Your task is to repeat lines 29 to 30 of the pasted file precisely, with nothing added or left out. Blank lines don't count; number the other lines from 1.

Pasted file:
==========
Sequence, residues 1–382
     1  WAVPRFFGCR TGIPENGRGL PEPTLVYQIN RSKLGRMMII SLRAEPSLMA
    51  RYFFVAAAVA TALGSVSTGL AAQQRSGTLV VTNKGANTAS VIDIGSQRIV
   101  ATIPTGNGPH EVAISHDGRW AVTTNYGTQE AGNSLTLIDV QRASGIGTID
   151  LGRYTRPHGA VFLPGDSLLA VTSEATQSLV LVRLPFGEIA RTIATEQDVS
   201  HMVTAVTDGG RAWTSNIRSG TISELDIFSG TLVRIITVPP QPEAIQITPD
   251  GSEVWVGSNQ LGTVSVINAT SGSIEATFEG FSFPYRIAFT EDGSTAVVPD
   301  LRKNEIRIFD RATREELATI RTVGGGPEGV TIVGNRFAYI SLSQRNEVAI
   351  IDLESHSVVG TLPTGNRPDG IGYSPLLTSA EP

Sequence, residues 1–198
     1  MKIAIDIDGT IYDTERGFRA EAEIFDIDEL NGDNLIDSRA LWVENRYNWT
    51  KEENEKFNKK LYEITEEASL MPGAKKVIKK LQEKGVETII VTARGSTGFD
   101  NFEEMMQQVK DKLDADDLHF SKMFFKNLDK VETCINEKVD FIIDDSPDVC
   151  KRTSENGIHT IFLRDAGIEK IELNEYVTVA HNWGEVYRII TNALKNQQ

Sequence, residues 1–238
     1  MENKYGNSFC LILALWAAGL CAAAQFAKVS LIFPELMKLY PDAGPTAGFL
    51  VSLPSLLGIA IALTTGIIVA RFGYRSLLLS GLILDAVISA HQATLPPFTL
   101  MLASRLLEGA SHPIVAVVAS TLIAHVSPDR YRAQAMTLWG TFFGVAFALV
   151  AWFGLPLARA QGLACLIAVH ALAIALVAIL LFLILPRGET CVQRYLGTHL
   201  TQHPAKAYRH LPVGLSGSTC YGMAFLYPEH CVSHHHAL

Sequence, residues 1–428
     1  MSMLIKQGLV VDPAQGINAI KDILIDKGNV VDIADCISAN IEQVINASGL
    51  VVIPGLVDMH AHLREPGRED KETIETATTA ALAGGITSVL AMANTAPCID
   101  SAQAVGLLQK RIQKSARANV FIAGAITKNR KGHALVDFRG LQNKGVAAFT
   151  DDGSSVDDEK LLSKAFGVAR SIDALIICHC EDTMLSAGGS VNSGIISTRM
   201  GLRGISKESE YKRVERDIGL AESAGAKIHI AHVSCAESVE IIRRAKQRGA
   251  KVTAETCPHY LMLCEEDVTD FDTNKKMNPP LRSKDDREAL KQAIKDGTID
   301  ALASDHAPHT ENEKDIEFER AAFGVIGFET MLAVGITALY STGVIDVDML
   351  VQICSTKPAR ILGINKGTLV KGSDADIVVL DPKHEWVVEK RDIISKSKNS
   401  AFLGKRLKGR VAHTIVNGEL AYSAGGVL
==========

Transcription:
   351  VQICSTKPAR ILGINKGTLV KGSDADIVVL DPKHEWVVEK RDIISKSKNS
   401  AFLGKRLKGR VAHTIVNGEL AYSAGGVL